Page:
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Jackson Lane, London

Intronauts
3.0Reviewer's Rating

In the not-too-distant future, if you have an itch you only have to ask your Intronaut to scratch it…internally. Nose blocked? Not enough fibres in your diet? Nothing to fuss over. Order your Intronaut (via, of course, the Intronaut app) to travel through your body and sort everything out.

Green Ginger and their associates take us on an internal trip through our own body and mind. Using puppetry, physical theatre, and animation, we travel around in a tiny submarine, catching glimpses into a not-too-improbable future. A grooving and rapping Intronaut keeps us company. She is quirky and funny but she is also bored out of her mind, stuck in the tiny vessel. And what about the host? Well, he is lonely and has “designer’s block”… an excellent recipe for laughs but also for potential disaster.

Intronauts is funny and extremely creative, and the work and dedication that has been devoted to it is obvious. A transparent material covers the scene and acts as a screen for the projections, and the animation and the live action takes place behind it. The crew works seamlessly and the soundscape works perfectly. Then, why the three stars? Because of the ending, which might have been intended as a cliff-hanger but didn’t work.  Just as we were intrigued and hooked with the twist, it just stopped. No one realised it had ended and many members of the audience, including me, were taken aback and left wondering.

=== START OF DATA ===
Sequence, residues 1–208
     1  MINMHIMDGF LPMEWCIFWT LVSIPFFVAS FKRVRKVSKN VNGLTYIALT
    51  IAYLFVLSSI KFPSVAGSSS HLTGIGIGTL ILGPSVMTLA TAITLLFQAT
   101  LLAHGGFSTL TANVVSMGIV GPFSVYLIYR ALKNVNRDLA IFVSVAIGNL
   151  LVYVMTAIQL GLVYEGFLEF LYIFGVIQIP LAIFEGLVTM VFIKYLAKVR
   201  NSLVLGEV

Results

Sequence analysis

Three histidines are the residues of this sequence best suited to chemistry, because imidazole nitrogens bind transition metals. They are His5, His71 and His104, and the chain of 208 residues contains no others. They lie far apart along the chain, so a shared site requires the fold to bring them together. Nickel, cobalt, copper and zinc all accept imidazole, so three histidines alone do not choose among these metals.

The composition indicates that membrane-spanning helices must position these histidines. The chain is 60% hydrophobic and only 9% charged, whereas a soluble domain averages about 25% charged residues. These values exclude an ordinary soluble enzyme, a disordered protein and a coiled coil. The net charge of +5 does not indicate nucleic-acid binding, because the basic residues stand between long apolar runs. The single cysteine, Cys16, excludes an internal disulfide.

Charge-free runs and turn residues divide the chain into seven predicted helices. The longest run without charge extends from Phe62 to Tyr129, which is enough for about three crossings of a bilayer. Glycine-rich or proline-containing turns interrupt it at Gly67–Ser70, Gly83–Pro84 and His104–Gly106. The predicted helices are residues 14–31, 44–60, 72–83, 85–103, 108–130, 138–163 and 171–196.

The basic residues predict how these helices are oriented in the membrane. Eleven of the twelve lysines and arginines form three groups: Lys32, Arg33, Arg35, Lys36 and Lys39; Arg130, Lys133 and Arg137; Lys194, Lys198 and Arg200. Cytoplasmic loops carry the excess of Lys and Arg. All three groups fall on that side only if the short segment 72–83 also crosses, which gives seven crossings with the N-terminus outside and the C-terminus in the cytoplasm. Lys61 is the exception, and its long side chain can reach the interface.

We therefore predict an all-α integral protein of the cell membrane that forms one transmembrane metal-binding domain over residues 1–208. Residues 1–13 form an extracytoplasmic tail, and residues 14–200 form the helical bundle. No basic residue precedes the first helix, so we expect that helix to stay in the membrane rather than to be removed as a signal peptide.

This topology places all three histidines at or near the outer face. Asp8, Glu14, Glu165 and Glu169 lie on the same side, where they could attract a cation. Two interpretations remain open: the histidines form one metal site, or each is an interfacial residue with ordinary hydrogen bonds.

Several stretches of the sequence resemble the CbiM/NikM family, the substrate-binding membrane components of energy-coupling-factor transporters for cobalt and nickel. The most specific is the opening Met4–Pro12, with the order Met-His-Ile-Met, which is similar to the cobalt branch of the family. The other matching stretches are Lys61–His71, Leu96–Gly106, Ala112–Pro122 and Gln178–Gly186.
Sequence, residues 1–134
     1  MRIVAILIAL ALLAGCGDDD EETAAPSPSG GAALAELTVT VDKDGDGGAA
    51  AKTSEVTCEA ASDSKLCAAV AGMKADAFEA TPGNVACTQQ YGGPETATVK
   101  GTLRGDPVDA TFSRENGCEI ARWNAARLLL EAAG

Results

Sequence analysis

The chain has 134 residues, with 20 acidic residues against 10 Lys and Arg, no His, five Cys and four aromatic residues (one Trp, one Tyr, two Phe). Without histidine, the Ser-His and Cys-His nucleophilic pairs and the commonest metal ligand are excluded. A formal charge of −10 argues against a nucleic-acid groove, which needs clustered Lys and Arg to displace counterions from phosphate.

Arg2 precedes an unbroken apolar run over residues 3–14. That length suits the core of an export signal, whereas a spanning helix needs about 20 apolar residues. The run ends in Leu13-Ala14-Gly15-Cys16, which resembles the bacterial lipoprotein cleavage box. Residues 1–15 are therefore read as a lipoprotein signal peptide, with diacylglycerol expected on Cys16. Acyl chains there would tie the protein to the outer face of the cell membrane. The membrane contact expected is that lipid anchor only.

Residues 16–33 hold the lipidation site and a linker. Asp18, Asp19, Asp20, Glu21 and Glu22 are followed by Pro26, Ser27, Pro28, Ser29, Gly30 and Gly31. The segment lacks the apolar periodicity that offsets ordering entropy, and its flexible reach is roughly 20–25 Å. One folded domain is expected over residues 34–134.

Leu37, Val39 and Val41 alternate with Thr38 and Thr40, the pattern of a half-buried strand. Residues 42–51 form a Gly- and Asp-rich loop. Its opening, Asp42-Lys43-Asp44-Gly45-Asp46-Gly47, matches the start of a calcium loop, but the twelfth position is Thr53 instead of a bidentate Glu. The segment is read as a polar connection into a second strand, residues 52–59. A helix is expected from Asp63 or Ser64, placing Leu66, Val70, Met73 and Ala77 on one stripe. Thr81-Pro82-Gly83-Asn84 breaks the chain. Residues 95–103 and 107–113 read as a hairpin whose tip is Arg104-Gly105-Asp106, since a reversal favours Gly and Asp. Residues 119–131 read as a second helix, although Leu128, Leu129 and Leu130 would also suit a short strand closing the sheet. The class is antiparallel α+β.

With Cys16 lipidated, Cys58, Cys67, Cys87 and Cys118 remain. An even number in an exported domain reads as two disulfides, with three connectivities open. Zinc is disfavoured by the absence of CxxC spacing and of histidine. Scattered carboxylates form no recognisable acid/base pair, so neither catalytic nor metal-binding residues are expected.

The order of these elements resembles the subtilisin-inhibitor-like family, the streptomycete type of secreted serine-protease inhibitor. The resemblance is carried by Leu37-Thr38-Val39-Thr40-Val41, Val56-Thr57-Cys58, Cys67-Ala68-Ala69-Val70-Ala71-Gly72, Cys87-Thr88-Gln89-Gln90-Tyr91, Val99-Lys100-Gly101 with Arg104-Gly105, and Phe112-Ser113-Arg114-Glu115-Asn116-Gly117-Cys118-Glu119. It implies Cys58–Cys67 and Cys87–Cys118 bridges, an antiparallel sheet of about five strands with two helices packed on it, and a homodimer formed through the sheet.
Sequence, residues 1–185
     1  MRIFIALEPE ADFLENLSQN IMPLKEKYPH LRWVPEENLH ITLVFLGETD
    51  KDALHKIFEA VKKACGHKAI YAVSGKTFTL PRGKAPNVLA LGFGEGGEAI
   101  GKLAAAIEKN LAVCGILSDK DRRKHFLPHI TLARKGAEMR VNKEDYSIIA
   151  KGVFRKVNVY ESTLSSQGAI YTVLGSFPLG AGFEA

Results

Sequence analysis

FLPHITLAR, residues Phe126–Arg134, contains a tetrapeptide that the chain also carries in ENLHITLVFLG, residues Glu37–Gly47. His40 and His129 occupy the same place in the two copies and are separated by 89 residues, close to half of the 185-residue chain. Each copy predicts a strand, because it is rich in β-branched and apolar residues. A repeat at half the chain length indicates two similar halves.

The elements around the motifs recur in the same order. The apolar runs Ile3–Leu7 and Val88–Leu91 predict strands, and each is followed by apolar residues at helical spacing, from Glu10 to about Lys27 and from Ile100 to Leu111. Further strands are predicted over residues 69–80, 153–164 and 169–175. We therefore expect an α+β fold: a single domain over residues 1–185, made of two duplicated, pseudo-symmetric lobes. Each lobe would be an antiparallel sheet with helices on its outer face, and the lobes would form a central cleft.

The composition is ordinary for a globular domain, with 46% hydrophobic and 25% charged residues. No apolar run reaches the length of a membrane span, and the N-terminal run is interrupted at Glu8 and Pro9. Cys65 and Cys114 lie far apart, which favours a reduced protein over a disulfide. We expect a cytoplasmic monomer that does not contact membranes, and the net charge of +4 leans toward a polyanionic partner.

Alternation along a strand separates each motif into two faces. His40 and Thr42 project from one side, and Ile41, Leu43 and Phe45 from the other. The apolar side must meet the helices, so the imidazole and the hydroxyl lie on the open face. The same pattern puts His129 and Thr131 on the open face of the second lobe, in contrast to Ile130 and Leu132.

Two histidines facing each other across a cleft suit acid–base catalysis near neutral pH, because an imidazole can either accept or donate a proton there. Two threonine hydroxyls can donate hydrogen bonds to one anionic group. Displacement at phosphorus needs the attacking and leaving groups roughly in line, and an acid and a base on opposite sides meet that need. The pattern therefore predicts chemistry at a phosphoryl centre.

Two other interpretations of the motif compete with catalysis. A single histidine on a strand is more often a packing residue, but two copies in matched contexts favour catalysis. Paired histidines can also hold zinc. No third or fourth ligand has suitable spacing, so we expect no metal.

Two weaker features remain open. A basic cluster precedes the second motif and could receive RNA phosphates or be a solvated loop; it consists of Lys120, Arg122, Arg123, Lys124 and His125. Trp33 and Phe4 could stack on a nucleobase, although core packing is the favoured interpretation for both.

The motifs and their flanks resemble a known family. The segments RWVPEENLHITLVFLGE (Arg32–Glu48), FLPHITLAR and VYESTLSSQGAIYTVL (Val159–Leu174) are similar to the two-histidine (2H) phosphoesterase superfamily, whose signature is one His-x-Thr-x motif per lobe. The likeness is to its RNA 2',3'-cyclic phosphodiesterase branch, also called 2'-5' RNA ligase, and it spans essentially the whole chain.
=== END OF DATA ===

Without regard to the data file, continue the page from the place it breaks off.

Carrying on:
It is a smart conception, funny and well-executed, but I would recommend a few tweaks.

  • Physical Theatre
  • By Green Ginger
  • A co-production with Nordland Visual Theatre (Norway)
  • Directed by Emma Williams
  • Composed by Simon Preston
  • Design: Chris Pirie
  • Devising Performers: Adam Fuller, Emma Keaveney-Roys, Chris Pirie
  • Jackson Lane, London
  • Until 13 January 2019

About The Author

Reviewer (UK)

Owen Davies was brought up in London but has Welsh roots. He was raised on chapel hymns, Handel oratorios and Mozart arias. He began going to the theatre in the 1960s and, as a teenager, used to stand at the back of the Old Vic stalls to watch Olivier's National Theatre productions. He also saw many RSC productions at the Aldwych in the 1960s. At this time he also began to see operas at Covent Garden and developed a love for Mozart, Verdi and Richard Strauss. After a career as a social worker and a trade union officer, Owen has retired from paid employment but is a student at Rose Bruford College studying for a BA in Opera Studies.

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